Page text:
Listen to change

Listen to change

As the concert hall gave way to a cinema hall through MadRasana, audience and artistes moved closer to Carnatic music this Madras Music Season

It was 8 am in a Chennai multiplex. A crowd — an assortment of old women, college kids, svelte society women and sons-of-the-soil in veshtis and others — had already gathered near one of its halls. Passers-by might have wondered what kind of film had drawn such a crowd.

If you had stepped inside, you would have found a makeshift stage ready with a mridangam, ghatam, violin, tambura — and mikes and speakers… After all, it was the last week of December and the exhilarating Margazhi madness had truly taken over the city.

MadRasana’s inaugural fest of concerts-in-a-cinema hall was one of the highlights of this year’s Chennai’s trademark Margazhi Mahotsavam. The MadRasana concert I attended — Bharat Sunder’s — saw a nearly full house, and the usurer informed me that the crowd had been good every day of the five-day fest. The three-hour programme included the screening of MadRasana carnatic videos on the big screen, followed by Bharat Sunder’s live kutcheri.

“From the response we have had, hopefully this will become an annual feature,” averred Mahesh Venkateswaran, the founder of MadRasana. Someone who quit his high-profile job with an IT firm to devote his life to his passions, Mahesh dreamt up MadRasana in 2016 to “present classical art in an intimate setting, to bring the artiste, the art form and the listeners closer to each other to have a better connect.”

Getting closer

Bharat Sundar Garden Concert

These theatre concerts are one such attempt to forge a connect. “The kind of crowd we saw at the theatre fest was quite different from the crowds at concert hall,” he recalled, taking pleasure in presenting the cerebral music format that is Carnatic music to a new audience of youngsters.

Popular vocalist Sandeep Narayan, one of the singers at the fest, concurred. “It was different. And heartwarming that even at eight in the morning, people had queued up for the concert. Many of them — hardcore listerners of the music as well as those who don’t listen to it — spoke to me after the concert. The concert was visually nice; there was good acoustics and an interesting audience.”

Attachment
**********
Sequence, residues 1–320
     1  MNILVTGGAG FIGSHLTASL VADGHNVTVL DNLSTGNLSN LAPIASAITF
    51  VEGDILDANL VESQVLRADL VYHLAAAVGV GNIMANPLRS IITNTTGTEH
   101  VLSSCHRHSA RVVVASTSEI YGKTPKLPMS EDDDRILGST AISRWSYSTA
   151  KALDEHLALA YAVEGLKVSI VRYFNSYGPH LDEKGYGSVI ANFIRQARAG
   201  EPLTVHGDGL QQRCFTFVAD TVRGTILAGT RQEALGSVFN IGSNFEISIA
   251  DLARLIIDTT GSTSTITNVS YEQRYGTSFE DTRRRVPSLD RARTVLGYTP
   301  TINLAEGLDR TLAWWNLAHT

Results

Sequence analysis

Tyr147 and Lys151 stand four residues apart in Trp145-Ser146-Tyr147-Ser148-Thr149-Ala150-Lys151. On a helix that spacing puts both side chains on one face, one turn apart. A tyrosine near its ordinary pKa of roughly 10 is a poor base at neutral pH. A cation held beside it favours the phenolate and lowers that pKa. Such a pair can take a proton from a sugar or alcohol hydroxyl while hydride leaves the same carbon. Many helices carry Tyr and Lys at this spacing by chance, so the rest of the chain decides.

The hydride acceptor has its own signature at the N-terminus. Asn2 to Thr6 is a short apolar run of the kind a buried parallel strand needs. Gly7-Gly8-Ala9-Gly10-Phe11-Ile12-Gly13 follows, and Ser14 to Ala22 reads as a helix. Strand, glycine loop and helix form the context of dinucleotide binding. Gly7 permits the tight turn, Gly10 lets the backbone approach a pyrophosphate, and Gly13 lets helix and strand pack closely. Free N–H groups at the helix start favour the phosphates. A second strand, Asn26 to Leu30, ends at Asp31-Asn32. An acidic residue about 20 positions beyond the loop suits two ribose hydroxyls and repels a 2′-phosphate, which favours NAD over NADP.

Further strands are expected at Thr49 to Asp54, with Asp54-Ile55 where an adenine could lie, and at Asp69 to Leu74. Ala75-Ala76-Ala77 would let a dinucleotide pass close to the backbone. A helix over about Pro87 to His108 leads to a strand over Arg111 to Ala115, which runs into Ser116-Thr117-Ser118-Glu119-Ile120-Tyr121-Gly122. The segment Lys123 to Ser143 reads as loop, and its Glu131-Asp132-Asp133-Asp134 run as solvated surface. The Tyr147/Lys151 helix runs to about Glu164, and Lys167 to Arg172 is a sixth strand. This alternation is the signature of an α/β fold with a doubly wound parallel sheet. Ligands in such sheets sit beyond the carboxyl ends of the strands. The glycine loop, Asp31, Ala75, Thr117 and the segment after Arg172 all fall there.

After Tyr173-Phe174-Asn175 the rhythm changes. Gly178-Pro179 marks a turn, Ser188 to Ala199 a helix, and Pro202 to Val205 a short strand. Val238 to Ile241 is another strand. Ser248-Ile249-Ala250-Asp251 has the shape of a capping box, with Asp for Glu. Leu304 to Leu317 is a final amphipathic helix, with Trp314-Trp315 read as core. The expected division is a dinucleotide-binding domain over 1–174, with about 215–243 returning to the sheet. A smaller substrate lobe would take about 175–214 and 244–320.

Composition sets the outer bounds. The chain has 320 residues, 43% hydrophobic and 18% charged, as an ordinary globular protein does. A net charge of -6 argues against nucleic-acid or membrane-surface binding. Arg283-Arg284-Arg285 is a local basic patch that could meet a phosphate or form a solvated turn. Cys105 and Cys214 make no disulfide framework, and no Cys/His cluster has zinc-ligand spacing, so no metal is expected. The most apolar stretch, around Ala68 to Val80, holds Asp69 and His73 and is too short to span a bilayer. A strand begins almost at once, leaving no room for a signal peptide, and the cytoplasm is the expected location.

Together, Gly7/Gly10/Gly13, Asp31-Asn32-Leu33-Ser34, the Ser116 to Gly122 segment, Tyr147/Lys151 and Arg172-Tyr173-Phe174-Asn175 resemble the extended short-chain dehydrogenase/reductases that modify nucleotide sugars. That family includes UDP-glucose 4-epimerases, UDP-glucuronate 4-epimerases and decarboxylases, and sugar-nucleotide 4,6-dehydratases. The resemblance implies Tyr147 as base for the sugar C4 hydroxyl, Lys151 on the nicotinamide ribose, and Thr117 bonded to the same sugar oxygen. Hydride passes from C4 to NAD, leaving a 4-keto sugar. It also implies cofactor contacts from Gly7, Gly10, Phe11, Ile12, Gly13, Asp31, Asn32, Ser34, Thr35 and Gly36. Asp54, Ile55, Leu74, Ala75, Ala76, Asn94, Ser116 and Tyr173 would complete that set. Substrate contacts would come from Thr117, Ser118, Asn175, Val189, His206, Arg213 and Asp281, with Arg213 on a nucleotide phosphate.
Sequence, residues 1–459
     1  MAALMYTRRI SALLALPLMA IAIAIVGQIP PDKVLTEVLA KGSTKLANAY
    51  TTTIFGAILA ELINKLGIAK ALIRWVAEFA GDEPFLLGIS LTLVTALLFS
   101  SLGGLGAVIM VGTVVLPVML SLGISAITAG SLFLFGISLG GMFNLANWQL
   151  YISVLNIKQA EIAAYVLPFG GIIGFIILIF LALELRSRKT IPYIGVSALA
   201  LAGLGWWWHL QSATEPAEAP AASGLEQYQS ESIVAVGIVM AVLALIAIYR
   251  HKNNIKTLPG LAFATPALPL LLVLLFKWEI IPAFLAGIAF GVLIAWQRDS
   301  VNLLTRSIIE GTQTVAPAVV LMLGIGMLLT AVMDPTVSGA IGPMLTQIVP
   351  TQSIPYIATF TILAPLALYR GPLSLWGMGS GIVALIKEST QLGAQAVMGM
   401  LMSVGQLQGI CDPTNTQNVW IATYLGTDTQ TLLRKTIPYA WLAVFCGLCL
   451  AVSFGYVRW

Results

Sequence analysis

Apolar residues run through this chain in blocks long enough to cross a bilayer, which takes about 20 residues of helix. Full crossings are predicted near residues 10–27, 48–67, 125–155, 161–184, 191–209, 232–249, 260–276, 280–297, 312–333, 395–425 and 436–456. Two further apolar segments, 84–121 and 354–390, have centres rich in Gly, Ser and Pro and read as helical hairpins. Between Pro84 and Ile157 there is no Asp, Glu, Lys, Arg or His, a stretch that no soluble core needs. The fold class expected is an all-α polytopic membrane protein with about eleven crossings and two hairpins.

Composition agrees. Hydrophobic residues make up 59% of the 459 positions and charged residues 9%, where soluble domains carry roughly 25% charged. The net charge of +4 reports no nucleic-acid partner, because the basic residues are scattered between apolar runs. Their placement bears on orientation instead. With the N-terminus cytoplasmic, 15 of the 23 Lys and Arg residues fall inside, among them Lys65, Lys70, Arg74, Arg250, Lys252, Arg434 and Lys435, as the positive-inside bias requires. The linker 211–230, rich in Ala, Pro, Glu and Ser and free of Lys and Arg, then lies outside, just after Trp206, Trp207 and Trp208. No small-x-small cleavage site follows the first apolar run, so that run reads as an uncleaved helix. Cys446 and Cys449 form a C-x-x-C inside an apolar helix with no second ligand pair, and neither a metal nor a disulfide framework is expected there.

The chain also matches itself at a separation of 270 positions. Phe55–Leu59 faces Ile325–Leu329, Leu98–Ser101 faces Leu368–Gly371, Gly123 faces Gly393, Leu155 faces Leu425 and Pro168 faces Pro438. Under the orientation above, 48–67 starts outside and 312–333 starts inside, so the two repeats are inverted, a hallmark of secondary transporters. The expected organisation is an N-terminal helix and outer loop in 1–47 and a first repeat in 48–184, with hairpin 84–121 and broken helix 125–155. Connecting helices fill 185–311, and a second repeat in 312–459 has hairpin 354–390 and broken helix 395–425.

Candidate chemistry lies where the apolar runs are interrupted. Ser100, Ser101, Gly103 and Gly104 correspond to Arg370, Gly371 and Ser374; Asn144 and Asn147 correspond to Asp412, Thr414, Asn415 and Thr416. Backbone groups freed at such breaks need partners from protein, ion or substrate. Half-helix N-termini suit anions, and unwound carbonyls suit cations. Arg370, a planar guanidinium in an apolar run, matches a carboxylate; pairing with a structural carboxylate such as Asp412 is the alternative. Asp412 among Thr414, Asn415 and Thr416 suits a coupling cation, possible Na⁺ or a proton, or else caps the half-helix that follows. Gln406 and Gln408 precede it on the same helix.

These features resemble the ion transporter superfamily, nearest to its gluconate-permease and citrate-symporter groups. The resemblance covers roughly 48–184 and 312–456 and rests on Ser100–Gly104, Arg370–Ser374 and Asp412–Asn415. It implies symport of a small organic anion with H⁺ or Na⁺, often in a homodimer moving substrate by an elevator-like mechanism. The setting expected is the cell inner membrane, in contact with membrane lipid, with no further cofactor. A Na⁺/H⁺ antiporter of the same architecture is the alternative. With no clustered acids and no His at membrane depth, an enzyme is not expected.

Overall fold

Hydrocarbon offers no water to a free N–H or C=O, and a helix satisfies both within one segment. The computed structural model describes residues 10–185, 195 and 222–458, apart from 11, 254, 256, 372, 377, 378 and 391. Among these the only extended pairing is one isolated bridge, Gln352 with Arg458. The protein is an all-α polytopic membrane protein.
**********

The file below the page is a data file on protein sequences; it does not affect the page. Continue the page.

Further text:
How was singing for an audience seated on reclining chairs? Had he found their attention casual? “The lights were a little dim, so I don’t know. But I don’t think people were too passive. I think people were just comfortable and relaxed,” he said.

Morning kutcheris don’t fit into the festival format. But Mahesh chose this time zone since it was the inaugural edition. This timing allowed for visibility and let the audience experience it without missing out on their evening festival haunts. The concerts handed out free passes, but the audience was given the option of donating funds to support three charities picked by MadRasana. “More funds are raised this way than if we charge for the concerts. The audience has been very generous,” shared Mahesh.  

Mahesh Venkateswaran

When Mahesh founded MadRasana in 2016, he started off with Garden Concerts and then moved on to MadRasana Unplugged, which uploads Carnatic music videos on its YouTube channel. Many videos have gone viral, and have drawn enquires from people across the world.

The videos feature one song with just the artiste, plus the tambura in the case of vocal music. “The idea is to give the art and the artiste all the focus,” he pointed out. 


MadRasana started off with indoor shoots; with Sandeep Narayan’s song, the videos started exploring outdoor terrains.

For instance, Sandeep’s video of the Tulasidas bhajan Gopala Gokula in Raga Vallabi, shot on a waterfront in a village on the scenic East Coast Road leading out of Chennai, has registered 20,000 views already, and has become quite a talking point.“There have been a number of positive comments from across the world; they overwhelmed us. Even during this music season, everyone including the sabha secretaries had a word of appreciation for the video,” said Sandeep.

Meanwhile, the konnakol duet by young V Shivapriya and B R Somashekar Jois, released in February 2018, garnered 2,18,000 views and inspired the making of a cover on it, and even the drum cover (by Amir Usman) on this cover registered 4,700 views.

Today, many artistes approach MadRasana for being part of these music videos. So, these videos provide an effective way to take Carnatic music to the millennials and screen generations of India. However, one hopes that the videos could be better visually. “Shooting these video costs me around 60 thousand rupees, especially when an outdoor location is involved, with seven cameras needed for the shoot and recording on 4K mode so that the videos can be screened in a theatre someday,” detailed Mahesh, adding that he had been spending out of his pocket for the same.

“We do get some support from friends and music aficionados. But because we do not give much limelight to the sponsors, sponsor support has been rather limited. Seeing the good run these videos have, this (funding) scenario is changing, though,” he said.

MadRasana Unplugged has released upwards of 50 videos so far. The artiste chooses the song. “We intervene only to avoid repetitions of  song/raaga,” explained Mahesh.
The idea of MadRasana was to give a different experience of Carnatic music without taking away its core.

An impressive start was made.